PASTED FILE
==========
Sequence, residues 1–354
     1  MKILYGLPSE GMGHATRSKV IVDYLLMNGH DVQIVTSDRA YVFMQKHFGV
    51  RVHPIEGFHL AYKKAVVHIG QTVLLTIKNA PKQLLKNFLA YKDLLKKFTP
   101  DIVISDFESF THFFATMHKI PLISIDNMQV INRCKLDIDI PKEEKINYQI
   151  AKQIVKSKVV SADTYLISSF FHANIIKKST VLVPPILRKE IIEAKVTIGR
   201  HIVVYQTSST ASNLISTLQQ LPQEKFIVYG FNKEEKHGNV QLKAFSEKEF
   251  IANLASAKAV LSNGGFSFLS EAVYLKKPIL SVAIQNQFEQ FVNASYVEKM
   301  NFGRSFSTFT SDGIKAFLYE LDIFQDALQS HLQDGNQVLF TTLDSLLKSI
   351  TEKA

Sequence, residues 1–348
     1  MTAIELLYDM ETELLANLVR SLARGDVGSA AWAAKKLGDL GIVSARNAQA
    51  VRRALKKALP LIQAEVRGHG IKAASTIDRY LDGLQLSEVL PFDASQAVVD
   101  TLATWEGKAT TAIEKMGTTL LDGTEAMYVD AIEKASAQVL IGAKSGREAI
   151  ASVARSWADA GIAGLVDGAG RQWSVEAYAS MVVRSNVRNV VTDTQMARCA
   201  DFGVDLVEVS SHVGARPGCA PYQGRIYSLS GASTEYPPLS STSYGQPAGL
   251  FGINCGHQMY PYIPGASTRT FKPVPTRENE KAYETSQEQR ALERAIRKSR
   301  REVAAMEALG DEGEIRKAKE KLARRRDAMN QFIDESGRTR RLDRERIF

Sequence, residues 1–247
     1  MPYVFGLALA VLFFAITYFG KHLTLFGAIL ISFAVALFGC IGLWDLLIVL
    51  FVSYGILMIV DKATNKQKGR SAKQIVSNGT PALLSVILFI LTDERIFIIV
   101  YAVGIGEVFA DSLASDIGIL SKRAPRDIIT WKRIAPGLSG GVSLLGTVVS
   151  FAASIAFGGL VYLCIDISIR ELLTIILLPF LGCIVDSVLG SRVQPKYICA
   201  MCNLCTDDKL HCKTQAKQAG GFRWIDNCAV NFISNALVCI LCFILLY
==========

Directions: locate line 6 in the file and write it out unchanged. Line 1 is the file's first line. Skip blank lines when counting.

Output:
   201  HIVVYQTSST ASNLISTLQQ LPQEKFIVYG FNKEEKHGNV QLKAFSEKEF